Nursing grad seizes football opportunity I Men’s basketball plays in inaugural CBI championship
Nursing grad seizes football opportunity
AMY JO GLADFELTER ’97 MSN ’00 played volleyball, basketball, soccer, and golf at East Leyden High School in Franklin Park, but she was always intrigued by football. “I grew up on the Chicago Bears,” she said. “I just love the sport.”
However, when Gladfelter found an opportunity to play organized football last summer, she hesitated. The chance presented itself in September as she walked through North Halsted Market Days in Chicago. She came across a booth for the Chicago Force of the Independent Women’s Football League, an eight-year-old, full-tackle football organization in which 41 teams compete nationwide. “Initially I thought I was too small to play because the women in the booth were significantly larger than I am,” said the 5-foot-5 cornerback, who at Bradley volunteered her time with Alpha Phi Omega, which left little time for sports or intramurals. “But when I went to the Web site, I found women smaller in height and weight than I am who have been playing for years. That encouraged me to look into it.”
By October, she significantly increased her training schedule for a November tryout. She made the team and began practicing. “There’s a lot of learning, because a lot of us are learning a new sport, but at the same time you’re going full speed,” Gladfelter said. “The intensity, excitement and adrenaline are all present when you’re out there, even scrimmaging against your own teammates. It’s one of the most challenging sports I’ve ever played, but to have that level of athleticism with that much physical contact… there aren’t many female sports where you’re full contact.”
She practiced for three months with a broken right hand in 2008. In April, she learned she had torn the anterior cruciate ligament in her right knee. While it wasn’t a football-related injury, she noticed symptoms of ACL tears during practice. “It was something I had to weigh and consider,” she said of an injury possibility. “But being a skydiver, I’m willing to take some physical risk to participate in sports I love. Unfortunately, it’s just part of the game. It’s something you accept to play.”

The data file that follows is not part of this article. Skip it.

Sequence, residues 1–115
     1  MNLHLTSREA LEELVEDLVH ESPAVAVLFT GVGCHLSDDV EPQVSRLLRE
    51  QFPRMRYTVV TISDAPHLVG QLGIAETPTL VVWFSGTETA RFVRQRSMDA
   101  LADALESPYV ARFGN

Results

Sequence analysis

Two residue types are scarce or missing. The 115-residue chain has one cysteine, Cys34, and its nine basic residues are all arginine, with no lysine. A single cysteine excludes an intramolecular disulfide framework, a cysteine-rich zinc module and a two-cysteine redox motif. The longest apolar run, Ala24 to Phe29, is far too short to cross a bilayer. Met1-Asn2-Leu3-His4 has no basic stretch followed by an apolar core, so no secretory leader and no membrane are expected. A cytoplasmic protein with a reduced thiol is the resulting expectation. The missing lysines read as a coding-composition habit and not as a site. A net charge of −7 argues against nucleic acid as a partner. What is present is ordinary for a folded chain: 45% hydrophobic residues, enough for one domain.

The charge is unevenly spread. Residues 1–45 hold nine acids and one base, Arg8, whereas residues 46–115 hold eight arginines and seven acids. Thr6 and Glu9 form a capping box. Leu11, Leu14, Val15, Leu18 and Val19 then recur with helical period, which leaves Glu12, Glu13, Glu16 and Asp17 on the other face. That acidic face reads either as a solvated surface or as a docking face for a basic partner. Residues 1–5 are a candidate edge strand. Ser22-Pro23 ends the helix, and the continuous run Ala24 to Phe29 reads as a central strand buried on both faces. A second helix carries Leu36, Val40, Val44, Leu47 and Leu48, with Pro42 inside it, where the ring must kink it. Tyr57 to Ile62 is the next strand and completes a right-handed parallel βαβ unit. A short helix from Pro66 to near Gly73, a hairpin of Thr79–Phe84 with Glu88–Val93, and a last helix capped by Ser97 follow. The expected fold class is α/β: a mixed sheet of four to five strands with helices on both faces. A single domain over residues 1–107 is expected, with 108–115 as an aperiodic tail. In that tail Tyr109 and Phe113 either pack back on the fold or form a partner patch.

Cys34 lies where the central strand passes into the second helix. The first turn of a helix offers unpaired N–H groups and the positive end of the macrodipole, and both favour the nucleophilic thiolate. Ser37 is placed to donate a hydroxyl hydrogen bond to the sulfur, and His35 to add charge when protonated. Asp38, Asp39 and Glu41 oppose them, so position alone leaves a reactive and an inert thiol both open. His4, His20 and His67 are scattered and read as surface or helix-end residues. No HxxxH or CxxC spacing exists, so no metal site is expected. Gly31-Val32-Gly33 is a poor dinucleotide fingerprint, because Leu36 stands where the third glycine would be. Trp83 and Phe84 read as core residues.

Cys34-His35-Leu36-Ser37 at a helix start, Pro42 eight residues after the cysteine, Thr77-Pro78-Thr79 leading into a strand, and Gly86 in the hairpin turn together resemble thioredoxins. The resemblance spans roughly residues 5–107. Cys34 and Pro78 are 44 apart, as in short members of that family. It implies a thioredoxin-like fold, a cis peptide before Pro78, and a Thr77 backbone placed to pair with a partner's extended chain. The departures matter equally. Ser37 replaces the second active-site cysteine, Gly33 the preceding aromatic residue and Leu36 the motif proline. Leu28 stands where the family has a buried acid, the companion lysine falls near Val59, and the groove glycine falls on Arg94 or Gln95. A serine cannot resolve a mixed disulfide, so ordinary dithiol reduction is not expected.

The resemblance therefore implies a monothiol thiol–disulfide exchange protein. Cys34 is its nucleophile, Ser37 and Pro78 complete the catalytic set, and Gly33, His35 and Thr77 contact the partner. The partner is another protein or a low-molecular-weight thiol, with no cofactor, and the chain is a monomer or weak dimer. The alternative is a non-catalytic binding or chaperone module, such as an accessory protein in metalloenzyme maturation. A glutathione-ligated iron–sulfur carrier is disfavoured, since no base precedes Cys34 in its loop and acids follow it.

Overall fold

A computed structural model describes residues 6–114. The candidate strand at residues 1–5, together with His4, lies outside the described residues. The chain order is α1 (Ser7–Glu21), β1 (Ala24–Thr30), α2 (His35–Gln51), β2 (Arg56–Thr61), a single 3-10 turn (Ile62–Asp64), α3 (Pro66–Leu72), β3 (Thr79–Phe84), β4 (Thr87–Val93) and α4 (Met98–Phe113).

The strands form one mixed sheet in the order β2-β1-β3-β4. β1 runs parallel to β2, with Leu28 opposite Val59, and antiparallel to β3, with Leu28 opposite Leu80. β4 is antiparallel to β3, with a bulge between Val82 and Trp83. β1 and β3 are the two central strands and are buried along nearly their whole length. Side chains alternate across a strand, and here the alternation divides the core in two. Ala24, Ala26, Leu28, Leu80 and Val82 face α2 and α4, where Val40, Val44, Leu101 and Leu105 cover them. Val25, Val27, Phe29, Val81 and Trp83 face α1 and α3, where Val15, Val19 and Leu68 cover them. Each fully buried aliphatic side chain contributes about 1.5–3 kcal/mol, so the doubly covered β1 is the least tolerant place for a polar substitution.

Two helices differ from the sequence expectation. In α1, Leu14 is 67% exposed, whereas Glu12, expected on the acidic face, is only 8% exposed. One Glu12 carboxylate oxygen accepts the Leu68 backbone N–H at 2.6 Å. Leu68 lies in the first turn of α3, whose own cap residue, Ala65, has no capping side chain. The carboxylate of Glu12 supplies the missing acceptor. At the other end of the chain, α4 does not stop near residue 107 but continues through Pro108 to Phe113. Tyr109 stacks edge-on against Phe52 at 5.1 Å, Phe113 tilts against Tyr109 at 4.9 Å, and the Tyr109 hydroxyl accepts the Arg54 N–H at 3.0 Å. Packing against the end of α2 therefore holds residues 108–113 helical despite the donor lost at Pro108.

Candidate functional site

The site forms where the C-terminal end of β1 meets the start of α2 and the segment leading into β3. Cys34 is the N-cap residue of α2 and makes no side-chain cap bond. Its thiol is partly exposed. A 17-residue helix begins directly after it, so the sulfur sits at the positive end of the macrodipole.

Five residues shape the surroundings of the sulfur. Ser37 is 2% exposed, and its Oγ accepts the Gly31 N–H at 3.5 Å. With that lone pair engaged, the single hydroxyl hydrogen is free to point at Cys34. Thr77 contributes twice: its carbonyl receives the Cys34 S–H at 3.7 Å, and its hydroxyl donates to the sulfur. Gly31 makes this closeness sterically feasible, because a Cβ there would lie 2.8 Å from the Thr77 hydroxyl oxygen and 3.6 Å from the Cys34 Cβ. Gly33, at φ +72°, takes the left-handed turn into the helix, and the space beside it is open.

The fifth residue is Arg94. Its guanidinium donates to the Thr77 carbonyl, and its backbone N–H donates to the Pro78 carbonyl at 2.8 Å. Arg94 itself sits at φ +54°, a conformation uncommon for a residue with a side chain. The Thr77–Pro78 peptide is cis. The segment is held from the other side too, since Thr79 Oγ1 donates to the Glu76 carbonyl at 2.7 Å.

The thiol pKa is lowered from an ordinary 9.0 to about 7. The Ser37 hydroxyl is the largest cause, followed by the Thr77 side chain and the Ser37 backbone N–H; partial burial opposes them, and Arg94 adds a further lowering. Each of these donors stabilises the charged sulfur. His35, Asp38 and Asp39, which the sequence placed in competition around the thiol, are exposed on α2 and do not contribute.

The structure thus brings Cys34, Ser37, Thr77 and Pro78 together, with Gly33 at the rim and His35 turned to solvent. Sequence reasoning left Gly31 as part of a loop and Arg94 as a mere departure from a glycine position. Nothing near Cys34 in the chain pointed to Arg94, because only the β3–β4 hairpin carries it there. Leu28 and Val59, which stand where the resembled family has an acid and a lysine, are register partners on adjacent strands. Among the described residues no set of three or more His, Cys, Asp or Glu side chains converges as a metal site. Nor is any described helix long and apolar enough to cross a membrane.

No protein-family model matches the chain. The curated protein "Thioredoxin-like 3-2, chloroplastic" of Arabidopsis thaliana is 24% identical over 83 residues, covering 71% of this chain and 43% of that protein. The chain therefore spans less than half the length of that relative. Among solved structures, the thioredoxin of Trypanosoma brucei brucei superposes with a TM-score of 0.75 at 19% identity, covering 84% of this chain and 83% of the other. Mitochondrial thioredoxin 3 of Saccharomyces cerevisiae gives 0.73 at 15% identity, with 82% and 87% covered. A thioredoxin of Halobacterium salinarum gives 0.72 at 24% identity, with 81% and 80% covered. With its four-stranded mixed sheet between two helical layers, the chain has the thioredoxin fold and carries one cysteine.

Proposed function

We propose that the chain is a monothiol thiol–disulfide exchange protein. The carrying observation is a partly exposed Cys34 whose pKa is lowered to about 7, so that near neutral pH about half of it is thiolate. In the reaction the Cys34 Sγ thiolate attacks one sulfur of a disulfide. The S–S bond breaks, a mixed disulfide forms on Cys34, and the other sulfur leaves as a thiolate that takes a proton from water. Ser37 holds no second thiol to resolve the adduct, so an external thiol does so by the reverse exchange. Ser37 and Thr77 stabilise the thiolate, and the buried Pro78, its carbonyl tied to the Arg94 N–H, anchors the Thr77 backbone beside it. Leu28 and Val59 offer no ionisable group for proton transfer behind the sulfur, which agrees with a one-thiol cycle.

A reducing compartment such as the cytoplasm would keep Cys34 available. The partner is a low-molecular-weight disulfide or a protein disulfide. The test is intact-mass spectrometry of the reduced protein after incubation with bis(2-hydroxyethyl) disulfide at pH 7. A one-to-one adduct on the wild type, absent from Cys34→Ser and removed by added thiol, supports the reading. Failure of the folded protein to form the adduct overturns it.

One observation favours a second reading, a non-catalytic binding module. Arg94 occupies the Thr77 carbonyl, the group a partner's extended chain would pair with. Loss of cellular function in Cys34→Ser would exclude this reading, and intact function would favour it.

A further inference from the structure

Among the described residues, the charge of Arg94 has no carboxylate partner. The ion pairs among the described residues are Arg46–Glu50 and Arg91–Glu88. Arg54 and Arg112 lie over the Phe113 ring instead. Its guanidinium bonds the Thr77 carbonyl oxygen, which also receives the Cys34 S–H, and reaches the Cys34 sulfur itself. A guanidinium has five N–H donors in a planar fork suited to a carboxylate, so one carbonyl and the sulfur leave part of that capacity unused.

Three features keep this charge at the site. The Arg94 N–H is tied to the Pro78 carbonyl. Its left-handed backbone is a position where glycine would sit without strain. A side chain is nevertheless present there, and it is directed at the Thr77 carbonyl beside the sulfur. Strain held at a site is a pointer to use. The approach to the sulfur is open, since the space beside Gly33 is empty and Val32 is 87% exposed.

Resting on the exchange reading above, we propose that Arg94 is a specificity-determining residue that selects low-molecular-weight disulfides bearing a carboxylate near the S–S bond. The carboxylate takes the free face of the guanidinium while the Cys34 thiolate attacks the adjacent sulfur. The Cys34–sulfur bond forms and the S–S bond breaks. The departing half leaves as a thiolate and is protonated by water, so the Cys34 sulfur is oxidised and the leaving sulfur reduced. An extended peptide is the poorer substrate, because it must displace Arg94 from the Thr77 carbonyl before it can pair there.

Before she was sidelined by her knee, the Forest Park resident and outreach nurse manager with Resurrection Health Care practiced three days a week — Monday, Thursday and Saturday, unless there was a game on Saturday. “You’re pretty sore and tired,” Gladfelter said of days after practice, “but all the women have made this time commitment, so there’s no whining. You just love it.”
They must truly enjoy it. It’s a pay-to-play league, in which players pay to cover the costs of the field, referees, travel, uniforms, and equipment. There is no compensation for playing. However, players can be sponsored and, according to Gladfelter, the Chicago franchise, which plays its home games at North Park University and drew a crowd of about 800 for its home opener this season, is among the best in the league at providing fundraising/sponsorship opportunities to its players to help offset the cost.
Gladfelter has found a bonus in new friendships with teammates and opponents alike. Typically, teams travel on game day and return the following day, leaving time after the game to socialize with their opponents. “Now that I’m involved, I’ve found the team camaraderie, and being on a team with 70-plus people is amazing,” she said. “The athletes are incredible on and off the field. They’re amazing women.”
About 1,600 women play in the IWFL, which was founded in 2000 and has teams in the U.S. and Canada. Visit iwflsports.com for more information.Nursing grad seizes football opportunity I Men’s basketball plays in inaugural CBI championship
Bradley leads the Missouri Valley Conference in student-athlete graduation rates for the eighth year in a row according to the Federal Graduation Rates Report by the NCAA. Men’s and women’s sports each had a 77 percent graduation rate, up one percent from last year. A total of 102 student-athletes also earned a minimum 3.0 GPA to be on the Athletic Director’s Honor Roll.
EITAN BARBALAT ’08 has been recognized as one of 10 finalists for the 2008 Division I Lowe’s Senior CLASS Award in baseball. Barbalat, who was also named a first-team ESPN The Magazine Academic All-American this spring, carried a perfect 4.0 grade point average in preprofessional biology into his final semester. On the field, Barbalat owns a 5-4 career record with two saves and a 3.86 ERA in 32 career appearances. The award’s acronym, CLASS, stands for Celebrating Loyalty and Achievement for Staying in School, and honors senior student-athletes who excel in four areas: classroom, community, character and competition. The Senior CLASS Award has become one of the nation’s most prestigious college senior awards.